Russia's preferential treatment of the separatist-minded Georgian regions of Abkhazia and South Ossetia is stoking renewed tension between Moscow and Tbilisi. This latest round of the long-running bilateral row has caused further erosion to Georgian President Eduard Shevardnadze's domestic image at a time when the country is preparing for pivotal elections in late 2003.
Russian-Georgian tension over Abkhazia has long simmered. But the issue largely remained in the background as the two countries feuded over Moscow's ongoing military presence in Georgia, and the security of the Pankisi Gorge. [For additional information see the Eurasia Insight archive].
Over approximately the past year, Russia has granted citizenship to a significant portion of Abkhazia's population. More recently, Moscow established visa-free travel for residents of both Abkhazia and South Ossetia. Then, in December Moscow reopened a rail connection between the southern Russian city of Sochi and the Abkhaz capital Sukhumi -- a move that prompted an outcry in Georgia. Shevardnadze characterized the unilateral Russian action as "unlawful."
In advance of a late January CIS summit in Ukraine, Shevardnadze raised expectations that he could reach a compromise with Russian President Vladimir Putin on an array of Abkhazia-related issues, including the rail link, dual-citizenship and the ongoing presence of Russian peacekeepers in the separatist province.
At the same time, Georgian officials issued several threats, including reducing access and services to Russian military bases on Georgian territory and making Georgian acceptance of the renewal of the CIS peacekeeping mandate for Abkhazia conditional on Russian concessions on the rail and citizenship issues.
At the summit, however, Putin praised Shevardnadze, while providing the Georgian leader no assurances of a change in Russia's policies towards Abkhazia. "We will further support Georgia's aspiration for territorial integrity, however, we should do so carefully, and take into account also the interests of the Abkhaz side," the Itar-Tass news agency quoted Putin as saying January 29.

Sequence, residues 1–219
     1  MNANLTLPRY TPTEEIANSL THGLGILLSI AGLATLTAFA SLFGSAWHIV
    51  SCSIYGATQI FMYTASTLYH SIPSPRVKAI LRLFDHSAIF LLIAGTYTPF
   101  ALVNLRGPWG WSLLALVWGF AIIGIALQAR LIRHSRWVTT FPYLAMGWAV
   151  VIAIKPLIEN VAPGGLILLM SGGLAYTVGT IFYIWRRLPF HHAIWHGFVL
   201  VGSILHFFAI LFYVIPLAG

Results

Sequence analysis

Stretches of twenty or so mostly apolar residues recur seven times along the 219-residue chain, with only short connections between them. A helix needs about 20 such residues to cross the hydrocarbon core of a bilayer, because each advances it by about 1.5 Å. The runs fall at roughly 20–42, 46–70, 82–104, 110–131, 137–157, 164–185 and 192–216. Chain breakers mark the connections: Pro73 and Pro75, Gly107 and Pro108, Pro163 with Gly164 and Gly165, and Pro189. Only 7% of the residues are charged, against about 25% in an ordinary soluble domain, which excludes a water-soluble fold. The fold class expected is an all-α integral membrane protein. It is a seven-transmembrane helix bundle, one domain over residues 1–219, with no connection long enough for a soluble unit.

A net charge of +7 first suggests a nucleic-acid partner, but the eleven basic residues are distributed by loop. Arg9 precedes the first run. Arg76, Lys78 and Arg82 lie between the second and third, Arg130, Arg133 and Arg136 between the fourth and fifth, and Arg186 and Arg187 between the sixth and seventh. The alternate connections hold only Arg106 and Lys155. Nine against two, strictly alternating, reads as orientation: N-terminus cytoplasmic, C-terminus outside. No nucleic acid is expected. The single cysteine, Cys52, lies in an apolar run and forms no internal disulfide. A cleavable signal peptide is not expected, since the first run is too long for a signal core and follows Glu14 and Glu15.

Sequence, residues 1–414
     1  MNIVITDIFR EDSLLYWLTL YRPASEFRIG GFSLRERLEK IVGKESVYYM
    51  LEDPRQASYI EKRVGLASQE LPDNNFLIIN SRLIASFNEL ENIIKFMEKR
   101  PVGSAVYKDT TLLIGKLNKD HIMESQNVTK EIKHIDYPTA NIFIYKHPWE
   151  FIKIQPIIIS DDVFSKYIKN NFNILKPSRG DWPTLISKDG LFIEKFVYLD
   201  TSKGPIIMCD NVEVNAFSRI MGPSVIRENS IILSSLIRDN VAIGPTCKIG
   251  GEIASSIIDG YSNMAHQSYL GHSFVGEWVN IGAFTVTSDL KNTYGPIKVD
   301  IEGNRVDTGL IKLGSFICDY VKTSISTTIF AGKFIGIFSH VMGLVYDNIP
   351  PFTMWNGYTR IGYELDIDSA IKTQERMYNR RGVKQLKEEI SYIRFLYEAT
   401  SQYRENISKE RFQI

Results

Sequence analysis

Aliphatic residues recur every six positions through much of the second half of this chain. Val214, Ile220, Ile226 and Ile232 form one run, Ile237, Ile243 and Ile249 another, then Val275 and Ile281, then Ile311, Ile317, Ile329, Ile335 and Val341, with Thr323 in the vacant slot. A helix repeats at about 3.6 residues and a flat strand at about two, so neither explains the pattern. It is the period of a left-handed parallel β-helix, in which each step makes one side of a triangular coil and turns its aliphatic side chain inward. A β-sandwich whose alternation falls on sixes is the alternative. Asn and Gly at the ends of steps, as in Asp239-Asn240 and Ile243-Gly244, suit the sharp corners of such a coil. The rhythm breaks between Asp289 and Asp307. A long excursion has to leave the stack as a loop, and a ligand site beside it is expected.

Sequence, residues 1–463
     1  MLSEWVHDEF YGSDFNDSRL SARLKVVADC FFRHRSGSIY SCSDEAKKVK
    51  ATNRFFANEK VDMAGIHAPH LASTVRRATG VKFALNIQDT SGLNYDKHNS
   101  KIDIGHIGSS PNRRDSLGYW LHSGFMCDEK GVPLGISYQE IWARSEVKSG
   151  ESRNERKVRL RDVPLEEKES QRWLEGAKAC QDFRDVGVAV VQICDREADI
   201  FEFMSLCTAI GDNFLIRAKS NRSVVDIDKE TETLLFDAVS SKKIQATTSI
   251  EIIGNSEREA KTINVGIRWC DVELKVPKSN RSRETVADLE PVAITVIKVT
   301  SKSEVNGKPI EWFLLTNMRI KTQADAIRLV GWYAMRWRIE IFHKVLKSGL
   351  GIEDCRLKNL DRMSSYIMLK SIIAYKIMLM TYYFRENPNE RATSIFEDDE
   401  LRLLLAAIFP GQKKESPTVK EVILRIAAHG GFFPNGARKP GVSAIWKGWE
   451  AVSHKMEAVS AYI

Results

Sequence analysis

The Russian president also called Georgia's bluff regarding the CIS peacekeepers. "If there aren't any peacekeepers there [Abkhazia]... the [peace] settlement process will get more complicated and it goes without saying the situation will deteriorate," Putin said in a January 29 television interview.
Shevardnadze, meanwhile, was forced to admit that Georgia had little leverage to compel a change in Russia's stance. "We must definitely be aware of what might happen if the [Russian/CIS] peacekeepers were to leave, what tragic consequences this might have," the Georgian leader told Itar-Tass on January 29.
The lack of summit results dealt a serious political blow to Shevardnadze, according to Georgian political observers. "The only result of the summit was a picture given to Shevardnadze by Putin to commemorate his [Shevardnadze's 75th] birthday," mocked political analyst Revaz Bakhtadze in an analysis published in the 24 Hours newspaper.
On February 1, the Georgian parliament appeared to seize the initiative in the dispute with Russia, adopting a resolution that denounced Moscow for "encroaching upon our country's sovereignty and territorial integrity." The resolution went on to "rule out any possibility of neighborly relations and mutually beneficial cooperation" unless the outstanding Abkhazia issues were quickly resolved. If Russia did not respond appropriately, the parliament resolution pledged that Tbilisi would turn to Western states "to provide Georgia with support and to respond to the problem in an appropriate way."
Meanwhile, on January 30, the United Nations Security Council conditionally extended the CIS peacekeeping mandate until July 2003. The Security Council left open the possibility that it would review its decision on February 15, if Georgia has not consented to the extension by then. On February 3, Shevardnadze proposed replacing the CIS force with European Union peacekeepers.
Despite Shevardnadze's EU proposal, many local observers believe he has lost the initiative to parliament over the Abkhazia issue. This could have significant ramifications for Shevardnadze's party, the Citizen's Union of Georgia (CUG), as it gears up for what promises to be an intense campaign ahead of parliamentary elections in October.
Opinion polls show the CUG's popularity remains at or near an all-time low. The party had a disastrous showing in local elections last year, failing to win seats in the Tbilisi City Council. Shevardnadze's poor CIS summit performance may compound the difficulties for the CUG as it tries to regain support and retain control of parliament.
Shevardnadze's own authority would likely come under increased pressure if opposition parties managed to seize control of the legislature following the elections. Indeed, the Abkhaz issue and the CIS summit setback appear to be fueling a debate in Tbilisi over whether Shevardnadze should exit the political stage, and pave the way for a younger generation of Georgian politicians to assume leadership positions.
Editor's Note: Giorgi Kandelaki is a senior at the Department of Political Science at Tbilisi State University. He is a member of the Youth Atlantic Council of Georgia.
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